Wednesday, June 06, 2007

Grothman's Uncomfortable Questions

What created all the heat at Monday's meeting of the Special Committee on Affirmative Action?
Fred Mohs apparently asked Sen. Lena Taylor (D-Milwaukee) to "shut up" after Taylor yelled at committee chair Sen. Glen Grothman (R-West Bend), accusing him of doing something that was "a disgrace to this committee ...." Taylor accused Grothman of trying to abolish or scale back affirmative action.

What could Sen. Grothman's offense have been? Certainly it was nothing that the committee approved. It only recommends phasing out race-based preferences for minority businesses with a net worth in excess of one million dollars and requiring beneficiaries of racial preferences to be U.S. citizens. Kind of weak lager.

Maybe it was a proposal to require those seeking to be preferred over others on the basis of their race or ethnicity to prove that at least one quarter of their lineage actually comes from that race or ethnicity. Local blogger Michael Mathias dislikes that one, invoking the other "N-word" and observing that there was a once a country in Europe that obsessed over who your parents were.

On that, Mike's point proves too much. If we are going to prefer people of a particular race or ethnic identity, don't we have to ensure that they actually possess the characteristics that we seek? Would it be o.k. for my son (you can see his picture below) to claim that he's black when he applies to professional or graduate school? If not, then aren't we admitting that its o.k. to inquire as to a candidates' "real" bloodline? If we think it's all right to treat people differently based upon nothing other than their race, then why should we be uncomfortable with the notion that they prove that they are who they say they are?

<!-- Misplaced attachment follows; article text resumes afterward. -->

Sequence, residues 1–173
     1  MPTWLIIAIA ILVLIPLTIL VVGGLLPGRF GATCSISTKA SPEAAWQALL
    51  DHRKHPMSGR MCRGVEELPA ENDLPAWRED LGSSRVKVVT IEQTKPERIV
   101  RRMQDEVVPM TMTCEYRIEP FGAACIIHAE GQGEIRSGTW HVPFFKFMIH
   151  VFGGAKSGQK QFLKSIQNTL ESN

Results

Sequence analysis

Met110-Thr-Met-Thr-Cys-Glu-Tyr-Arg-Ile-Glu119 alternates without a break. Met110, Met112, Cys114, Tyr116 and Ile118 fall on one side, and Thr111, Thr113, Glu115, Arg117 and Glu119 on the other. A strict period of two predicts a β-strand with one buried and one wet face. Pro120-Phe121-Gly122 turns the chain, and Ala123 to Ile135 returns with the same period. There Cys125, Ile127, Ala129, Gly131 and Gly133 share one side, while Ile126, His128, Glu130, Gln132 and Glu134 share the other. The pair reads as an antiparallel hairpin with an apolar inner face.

The objection might be made that this proposal is designed to make a point rather than to solve a problem. There may not be (at least not that I know) a problem with people claiming some racial or ethnic status other than their own. But what's wrong with making a point?

If you believe that we can treat people differently on the basis of their race "just a little" and only for "good" without perpetuating our tendency to see race before all else, then shouldn't you also be able to believe that we can verify the race of proposed beneficiaries without bringing about Kristallnacht?

Doesn't the requirement of proof flow inexorably from the endorsement of preference? If the former makes you uncomfortable and conjures up visions of a racial state, then you probably ought to ask yourself if there is an unexamined problem with the latter.